What happens if a small business or surgical practice has an unexpected death or early retirement of one its partners?
ABC Surgical Centers, a successful multi-office practice with 10 partners, used a pay-as-you-go strategy to fund partner buyouts when due from operating capital. The partnership owned its real estate. Unfortunately, when one of the partners died unexpectedly, the buy-sell agreement in place lacked liquid funds to pay the full promised death benefit to the surgeon’s family. The partners had to make up the difference out of pocket.
Surgeons Capital Management worked with the firm’s leadership and recommended a plan to potentially fix future funding gaps in the event of unforeseen circumstances. Here is a summary of benefits of this strategy to ABC Surgical Centers’ shareholders:
Furthermore, by fully funding the ABC Surgical Centers’ plan, the company is able to improve its ability to recruit future shareholders, who generally prefer to align with organizations that have pre-funded their retirement obligations. It also improves the company’s bargaining position should it desire to sell the practice in the future.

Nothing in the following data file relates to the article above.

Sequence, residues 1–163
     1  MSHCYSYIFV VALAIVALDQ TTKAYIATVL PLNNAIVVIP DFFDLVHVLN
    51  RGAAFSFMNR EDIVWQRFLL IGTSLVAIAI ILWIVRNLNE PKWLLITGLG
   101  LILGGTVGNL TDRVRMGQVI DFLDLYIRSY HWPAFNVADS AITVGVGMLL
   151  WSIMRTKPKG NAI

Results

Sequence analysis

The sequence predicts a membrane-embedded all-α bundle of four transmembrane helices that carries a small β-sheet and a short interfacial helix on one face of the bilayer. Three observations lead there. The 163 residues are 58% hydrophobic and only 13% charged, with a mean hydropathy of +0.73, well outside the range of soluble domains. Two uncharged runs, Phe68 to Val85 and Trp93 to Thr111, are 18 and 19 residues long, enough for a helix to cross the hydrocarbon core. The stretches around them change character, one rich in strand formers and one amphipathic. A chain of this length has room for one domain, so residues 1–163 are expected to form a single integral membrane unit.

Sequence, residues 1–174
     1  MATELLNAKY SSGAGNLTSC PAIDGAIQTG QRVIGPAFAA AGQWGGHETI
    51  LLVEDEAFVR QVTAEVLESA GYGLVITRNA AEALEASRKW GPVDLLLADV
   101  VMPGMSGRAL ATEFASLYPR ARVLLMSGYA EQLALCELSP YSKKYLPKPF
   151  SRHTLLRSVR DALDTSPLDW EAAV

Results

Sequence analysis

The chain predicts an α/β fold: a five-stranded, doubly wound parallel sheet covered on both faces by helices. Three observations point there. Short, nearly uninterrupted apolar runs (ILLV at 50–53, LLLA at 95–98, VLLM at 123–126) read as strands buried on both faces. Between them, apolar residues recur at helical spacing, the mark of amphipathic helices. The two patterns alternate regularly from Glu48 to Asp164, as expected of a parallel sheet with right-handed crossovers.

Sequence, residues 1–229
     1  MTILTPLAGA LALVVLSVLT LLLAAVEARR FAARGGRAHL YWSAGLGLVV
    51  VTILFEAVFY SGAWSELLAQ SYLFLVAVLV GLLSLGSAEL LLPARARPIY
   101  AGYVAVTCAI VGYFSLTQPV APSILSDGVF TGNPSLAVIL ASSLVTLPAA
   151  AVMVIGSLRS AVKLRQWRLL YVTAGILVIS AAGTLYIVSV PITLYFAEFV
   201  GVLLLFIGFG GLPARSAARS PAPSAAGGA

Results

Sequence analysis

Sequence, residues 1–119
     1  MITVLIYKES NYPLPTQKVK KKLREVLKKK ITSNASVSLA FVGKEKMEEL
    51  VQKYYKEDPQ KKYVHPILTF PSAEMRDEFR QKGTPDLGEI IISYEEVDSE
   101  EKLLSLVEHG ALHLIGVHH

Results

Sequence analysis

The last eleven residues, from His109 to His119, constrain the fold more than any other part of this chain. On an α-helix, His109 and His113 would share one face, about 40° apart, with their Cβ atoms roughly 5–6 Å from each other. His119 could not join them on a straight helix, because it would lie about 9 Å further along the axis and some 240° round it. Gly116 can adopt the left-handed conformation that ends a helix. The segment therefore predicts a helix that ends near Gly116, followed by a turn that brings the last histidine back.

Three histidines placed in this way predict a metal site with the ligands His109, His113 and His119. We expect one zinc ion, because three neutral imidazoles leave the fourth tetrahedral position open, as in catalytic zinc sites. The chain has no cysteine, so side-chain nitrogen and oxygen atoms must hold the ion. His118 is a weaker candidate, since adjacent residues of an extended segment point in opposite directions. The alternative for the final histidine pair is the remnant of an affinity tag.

The benefits listed in this hypothetical case study, such as liquidity, death benefit, and asset retention by the company are funded using cash value corporate owned variable universal life insurance that tends to offer significant cash values in the early policy years because of its general lack of surrender charges and because, in the event of a full policy surrender within a certain number of years, some policy charges may be refunded. These policies often include a minimum guideline death benefit and are structured to minimize death benefit expenses yet retain the integrity of life insurance and the tax-deferral benefits.
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